As my grandpa used to say, “It’s colder than a mother-in-law’s kiss out there!”
He knew what cold was because he lived in Randolph, Utah. You know, the itty bitty town in the western sink that national weather channels point out as the coldest place in the country on a regular basis.
With all the great new snow over the holiday we were hoping to hit the slopes once or twice but, BRRRRRRRRR!
Skiing is too freakin’ expensive for conditions not to be awesome.
I did my time as a kid freezing my patootie off on the slopes because my dad was a blue-blooded Randophite too who is unfazed by cold. I was raised in Utah too, but over the mountain in the milder temps of the Wasatch front and I never had to milk cows at 4 a.m. with barn temps of thirty below. I did, however, have to get up at 4 a.m. on many Monday mornings through tax season as a kid to go clean an H&R Block building in the dregs of downtown Ogden to earn money for a family trip to Disneyland. My farm-raised parents were determined their suburbia kids would learn how to work.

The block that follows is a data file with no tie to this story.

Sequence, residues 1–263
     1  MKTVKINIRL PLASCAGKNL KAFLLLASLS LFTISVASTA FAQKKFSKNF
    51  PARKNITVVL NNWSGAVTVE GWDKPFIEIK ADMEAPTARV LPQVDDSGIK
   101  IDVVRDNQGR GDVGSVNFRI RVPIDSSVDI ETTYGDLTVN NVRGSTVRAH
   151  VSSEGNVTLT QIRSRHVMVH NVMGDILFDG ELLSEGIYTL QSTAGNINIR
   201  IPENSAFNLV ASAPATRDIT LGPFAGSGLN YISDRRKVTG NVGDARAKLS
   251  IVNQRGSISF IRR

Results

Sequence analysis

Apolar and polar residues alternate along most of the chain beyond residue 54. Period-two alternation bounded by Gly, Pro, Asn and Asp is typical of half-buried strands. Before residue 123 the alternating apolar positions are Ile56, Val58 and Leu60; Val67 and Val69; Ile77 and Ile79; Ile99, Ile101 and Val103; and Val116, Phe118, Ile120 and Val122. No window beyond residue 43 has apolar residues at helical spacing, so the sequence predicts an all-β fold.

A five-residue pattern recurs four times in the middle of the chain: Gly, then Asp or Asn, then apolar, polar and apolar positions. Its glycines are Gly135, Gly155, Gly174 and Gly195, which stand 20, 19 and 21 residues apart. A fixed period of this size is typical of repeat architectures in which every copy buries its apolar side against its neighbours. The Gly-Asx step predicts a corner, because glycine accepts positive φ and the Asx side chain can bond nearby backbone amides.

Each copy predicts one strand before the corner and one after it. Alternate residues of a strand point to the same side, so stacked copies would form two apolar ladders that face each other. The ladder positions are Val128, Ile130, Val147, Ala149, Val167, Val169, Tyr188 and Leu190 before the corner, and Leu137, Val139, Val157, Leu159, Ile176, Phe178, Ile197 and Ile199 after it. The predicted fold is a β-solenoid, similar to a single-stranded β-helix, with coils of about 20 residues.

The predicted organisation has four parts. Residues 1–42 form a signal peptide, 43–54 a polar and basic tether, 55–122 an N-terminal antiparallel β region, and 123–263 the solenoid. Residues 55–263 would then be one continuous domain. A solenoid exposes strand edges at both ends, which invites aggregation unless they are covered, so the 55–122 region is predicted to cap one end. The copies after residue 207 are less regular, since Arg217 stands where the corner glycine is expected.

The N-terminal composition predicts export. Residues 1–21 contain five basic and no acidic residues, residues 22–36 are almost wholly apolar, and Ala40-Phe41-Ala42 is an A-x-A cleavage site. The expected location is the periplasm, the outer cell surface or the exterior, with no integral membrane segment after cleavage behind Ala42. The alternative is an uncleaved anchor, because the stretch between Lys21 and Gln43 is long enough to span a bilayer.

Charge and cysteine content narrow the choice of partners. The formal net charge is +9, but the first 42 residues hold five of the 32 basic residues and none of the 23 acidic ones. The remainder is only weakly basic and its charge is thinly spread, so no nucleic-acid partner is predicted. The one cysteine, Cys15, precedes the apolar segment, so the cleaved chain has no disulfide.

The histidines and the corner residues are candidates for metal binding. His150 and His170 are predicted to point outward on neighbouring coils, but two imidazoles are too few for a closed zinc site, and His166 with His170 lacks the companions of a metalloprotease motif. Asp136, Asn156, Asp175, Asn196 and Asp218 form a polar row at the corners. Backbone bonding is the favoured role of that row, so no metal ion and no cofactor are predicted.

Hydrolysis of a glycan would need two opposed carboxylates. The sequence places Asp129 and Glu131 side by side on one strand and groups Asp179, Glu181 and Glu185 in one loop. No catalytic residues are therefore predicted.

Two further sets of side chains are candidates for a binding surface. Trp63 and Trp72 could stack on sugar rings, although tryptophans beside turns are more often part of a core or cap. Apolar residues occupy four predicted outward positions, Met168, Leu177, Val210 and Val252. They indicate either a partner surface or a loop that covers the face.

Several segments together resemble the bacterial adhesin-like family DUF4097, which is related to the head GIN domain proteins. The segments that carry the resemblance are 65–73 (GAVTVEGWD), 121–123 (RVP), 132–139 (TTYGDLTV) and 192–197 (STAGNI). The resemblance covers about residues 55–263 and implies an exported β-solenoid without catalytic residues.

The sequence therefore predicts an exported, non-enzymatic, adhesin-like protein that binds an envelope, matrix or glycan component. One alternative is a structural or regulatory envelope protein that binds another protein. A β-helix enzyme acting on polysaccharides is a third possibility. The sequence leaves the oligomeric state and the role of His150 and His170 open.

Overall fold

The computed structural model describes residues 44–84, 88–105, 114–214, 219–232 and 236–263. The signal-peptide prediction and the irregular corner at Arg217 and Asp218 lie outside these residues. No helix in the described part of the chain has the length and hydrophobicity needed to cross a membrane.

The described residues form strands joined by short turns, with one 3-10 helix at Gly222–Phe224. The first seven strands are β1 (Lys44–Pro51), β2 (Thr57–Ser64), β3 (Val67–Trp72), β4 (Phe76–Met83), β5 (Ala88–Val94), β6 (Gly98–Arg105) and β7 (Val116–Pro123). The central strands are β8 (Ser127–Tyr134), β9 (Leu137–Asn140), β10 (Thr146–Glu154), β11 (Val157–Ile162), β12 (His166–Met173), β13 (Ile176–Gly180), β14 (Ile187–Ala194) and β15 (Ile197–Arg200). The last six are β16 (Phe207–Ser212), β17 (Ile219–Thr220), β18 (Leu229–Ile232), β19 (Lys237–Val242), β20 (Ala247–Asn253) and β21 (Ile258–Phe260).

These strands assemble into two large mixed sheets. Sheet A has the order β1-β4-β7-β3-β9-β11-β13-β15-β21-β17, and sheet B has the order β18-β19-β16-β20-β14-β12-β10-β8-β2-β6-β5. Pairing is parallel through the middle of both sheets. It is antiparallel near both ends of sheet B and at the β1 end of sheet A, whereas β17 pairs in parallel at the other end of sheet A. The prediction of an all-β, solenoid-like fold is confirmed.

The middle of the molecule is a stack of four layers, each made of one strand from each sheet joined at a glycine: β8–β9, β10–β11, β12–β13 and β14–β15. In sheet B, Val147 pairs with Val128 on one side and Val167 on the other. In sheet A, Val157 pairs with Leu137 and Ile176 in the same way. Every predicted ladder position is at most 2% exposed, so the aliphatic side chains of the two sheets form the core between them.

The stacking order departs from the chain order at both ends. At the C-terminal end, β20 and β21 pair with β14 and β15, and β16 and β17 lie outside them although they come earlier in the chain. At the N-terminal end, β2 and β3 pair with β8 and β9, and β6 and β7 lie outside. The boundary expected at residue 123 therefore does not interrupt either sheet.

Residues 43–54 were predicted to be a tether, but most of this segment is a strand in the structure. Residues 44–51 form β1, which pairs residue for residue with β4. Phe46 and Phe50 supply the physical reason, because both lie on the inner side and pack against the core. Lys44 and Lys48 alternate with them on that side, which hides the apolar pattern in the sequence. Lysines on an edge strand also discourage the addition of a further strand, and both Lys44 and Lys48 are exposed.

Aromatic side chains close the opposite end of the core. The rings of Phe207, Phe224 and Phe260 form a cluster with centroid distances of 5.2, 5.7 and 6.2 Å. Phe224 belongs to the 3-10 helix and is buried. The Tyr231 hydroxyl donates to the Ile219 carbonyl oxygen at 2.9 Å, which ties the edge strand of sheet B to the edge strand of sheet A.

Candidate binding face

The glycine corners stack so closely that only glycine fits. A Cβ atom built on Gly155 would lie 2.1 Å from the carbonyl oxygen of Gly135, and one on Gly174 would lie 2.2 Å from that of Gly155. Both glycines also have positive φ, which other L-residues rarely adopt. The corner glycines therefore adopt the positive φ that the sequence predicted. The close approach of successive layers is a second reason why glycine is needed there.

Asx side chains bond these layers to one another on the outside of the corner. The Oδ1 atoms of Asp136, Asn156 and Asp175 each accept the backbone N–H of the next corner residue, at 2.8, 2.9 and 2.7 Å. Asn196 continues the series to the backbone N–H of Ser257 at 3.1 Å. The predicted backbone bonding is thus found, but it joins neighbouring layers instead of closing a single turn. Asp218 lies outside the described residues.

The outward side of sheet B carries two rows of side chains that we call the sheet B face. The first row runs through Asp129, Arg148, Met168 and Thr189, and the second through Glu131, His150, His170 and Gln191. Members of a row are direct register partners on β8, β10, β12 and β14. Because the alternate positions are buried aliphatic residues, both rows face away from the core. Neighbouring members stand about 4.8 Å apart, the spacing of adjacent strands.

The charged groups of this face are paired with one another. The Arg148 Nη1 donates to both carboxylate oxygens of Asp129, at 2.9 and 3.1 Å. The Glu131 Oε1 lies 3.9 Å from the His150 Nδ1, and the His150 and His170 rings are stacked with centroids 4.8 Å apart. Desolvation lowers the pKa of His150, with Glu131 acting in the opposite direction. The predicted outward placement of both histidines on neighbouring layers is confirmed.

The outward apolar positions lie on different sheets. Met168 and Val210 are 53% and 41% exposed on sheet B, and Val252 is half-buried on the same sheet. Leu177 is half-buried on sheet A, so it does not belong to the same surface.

No, it wasn’t a barn, but based on the filth I cleaned up, the people who worked there definitely showed barn animal tendencies. And going out at 4 a.m. January through March in Ogden is still pretty darn cold.
I always wondered why listing “cleaning ashtrays and coffee mugs” as one of my job skills on resumes wasn’t as impressive to employers as I hoped it would be.
Anyhoo, I’m ready to ski.
So, Mother Nature, I would like some new powder with a side order of balmy temps and sunshine on the slopes please.
Is that too much to ask for a Utah girl who did her time in the modern barns of life?